The cell wall structure protects cellulose from enzymatic attack and its successive fermentation. The nature of this protection consists in the very complex macroscopic and microscopic structure of cell wall that limits transport. Explaining this kind of protection is critical in future research to improve cell polymer availability for enzymatic attack. This research shows that the complete description of the cell wall topography at a nanoscale level allows a mechanistic understanding of cellulose protection. For this purpose, we used gas adsorption methods (CO2 at 273 K and N2 at 77 K) to detect mesoporosity (pore size of 1.5-30 nm diameter; MeS) and microporosity (pore size of 0.3-1.5 nm diameter; MiS) of the cell wall of five energy crops, i.e., giant cane, rivet wheat straw, miscanthus, proso millet, and sorghum. The presence of both hemicelluloses in the spaces between cellulose fibrils and the unhydrolyzable and highly cross-linked lignocarbohydrate complex (LCC) determines a microporous (80% pores having diameters below 0.8 nm) structure of the cell wall that prevents the cellulase enzymes from coming into direct contact with the cellulose, as their sizes exceed the cell wall pore size. On the other hand, the removal of the hemicelluloses and of the LCC complex determines a reduction of the MiS and an increase of the available surface for enzymatic attack, i.e., pores>5 nmdiameter. This was confirmed by the good negative (r ) -0.87, P 5 nm), respectively, vs the glucose production, by cellulase enzyme attack in specific enzymatic hydrolysis tests performed on biomass samples. © 2011 American Chemical Society.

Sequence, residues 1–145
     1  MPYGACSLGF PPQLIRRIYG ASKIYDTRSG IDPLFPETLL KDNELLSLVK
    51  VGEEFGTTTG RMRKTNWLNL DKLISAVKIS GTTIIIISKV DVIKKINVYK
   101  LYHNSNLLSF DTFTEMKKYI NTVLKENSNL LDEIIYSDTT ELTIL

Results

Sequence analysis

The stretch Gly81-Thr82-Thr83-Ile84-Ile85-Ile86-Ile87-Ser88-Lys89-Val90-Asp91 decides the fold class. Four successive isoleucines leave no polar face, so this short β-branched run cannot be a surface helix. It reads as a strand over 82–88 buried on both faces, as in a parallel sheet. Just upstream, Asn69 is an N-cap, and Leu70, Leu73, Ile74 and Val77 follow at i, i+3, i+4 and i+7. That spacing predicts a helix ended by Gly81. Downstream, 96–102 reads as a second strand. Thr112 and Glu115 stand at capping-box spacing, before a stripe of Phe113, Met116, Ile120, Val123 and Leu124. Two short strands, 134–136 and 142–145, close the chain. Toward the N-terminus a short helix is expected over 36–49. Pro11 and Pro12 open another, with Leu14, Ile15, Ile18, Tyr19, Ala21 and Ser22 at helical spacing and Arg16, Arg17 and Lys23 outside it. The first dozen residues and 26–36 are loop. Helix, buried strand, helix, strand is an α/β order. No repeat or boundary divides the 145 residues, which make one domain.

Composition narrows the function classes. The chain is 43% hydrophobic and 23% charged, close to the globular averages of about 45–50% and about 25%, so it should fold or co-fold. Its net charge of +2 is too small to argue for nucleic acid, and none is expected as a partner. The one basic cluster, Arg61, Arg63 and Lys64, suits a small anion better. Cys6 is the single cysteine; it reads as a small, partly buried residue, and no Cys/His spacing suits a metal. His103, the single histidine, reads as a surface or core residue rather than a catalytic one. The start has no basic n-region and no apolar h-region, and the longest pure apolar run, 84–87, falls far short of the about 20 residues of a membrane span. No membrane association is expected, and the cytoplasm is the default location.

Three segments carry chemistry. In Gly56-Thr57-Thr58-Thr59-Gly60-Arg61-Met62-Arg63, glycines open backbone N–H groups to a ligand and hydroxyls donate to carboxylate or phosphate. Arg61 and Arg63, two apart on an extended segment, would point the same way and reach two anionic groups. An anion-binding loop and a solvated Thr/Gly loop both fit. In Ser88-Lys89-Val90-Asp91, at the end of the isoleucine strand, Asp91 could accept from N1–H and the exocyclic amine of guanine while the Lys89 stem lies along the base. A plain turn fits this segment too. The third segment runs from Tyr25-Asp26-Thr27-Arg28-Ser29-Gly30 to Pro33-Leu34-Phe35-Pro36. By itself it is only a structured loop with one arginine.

All Science Journal Classification (ASJC) codes
- Environmental Chemistry
Adani, F., Papa, G., Schievano, A., Cardinale, G., D'Imporzano, G., & Tambone, F. (2011). Nanoscale structure of the cell wall protecting cellulose from enzyme attack. Environmental Science and Technology, 45(3), 1107 - 1113. https://doi.org/10.1021/es1020263